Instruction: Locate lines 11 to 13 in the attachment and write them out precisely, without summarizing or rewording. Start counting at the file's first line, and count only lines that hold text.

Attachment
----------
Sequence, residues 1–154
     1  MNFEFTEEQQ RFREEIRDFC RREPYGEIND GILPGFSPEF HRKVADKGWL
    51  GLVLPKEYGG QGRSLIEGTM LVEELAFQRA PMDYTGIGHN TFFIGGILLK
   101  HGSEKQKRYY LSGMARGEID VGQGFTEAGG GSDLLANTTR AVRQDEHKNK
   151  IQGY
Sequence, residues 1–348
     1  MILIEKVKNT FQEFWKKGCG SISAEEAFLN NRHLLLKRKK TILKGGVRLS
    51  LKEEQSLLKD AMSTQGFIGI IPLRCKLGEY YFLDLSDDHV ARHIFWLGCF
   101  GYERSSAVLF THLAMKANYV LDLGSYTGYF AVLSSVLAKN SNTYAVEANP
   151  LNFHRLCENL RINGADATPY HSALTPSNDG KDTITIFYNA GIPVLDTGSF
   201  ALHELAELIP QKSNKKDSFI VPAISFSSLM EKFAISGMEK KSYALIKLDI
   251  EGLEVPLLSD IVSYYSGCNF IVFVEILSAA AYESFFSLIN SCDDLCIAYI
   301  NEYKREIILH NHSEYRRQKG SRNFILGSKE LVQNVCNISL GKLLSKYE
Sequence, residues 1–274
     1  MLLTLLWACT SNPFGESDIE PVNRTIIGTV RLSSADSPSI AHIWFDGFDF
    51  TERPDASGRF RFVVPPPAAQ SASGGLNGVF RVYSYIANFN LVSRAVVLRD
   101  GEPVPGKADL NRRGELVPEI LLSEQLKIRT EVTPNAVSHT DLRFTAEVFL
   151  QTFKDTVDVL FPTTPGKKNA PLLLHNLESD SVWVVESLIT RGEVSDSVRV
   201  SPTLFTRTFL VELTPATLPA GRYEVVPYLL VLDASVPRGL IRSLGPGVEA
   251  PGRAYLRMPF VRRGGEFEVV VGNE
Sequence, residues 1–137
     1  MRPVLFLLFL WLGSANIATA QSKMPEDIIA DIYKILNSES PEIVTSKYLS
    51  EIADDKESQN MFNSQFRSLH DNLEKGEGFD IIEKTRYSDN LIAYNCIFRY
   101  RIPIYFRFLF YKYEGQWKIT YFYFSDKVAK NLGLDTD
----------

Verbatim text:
   201  ALHELAELIP QKSNKKDSFI VPAISFSSLM EKFAISGMEK KSYALIKLDI
   251  EGLEVPLLSD IVSYYSGCNF IVFVEILSAA AYESFFSLIN SCDDLCIAYI
   301  NEYKREIILH NHSEYRRQKG SRNFILGSKE LVQNVCNISL GKLLSKYE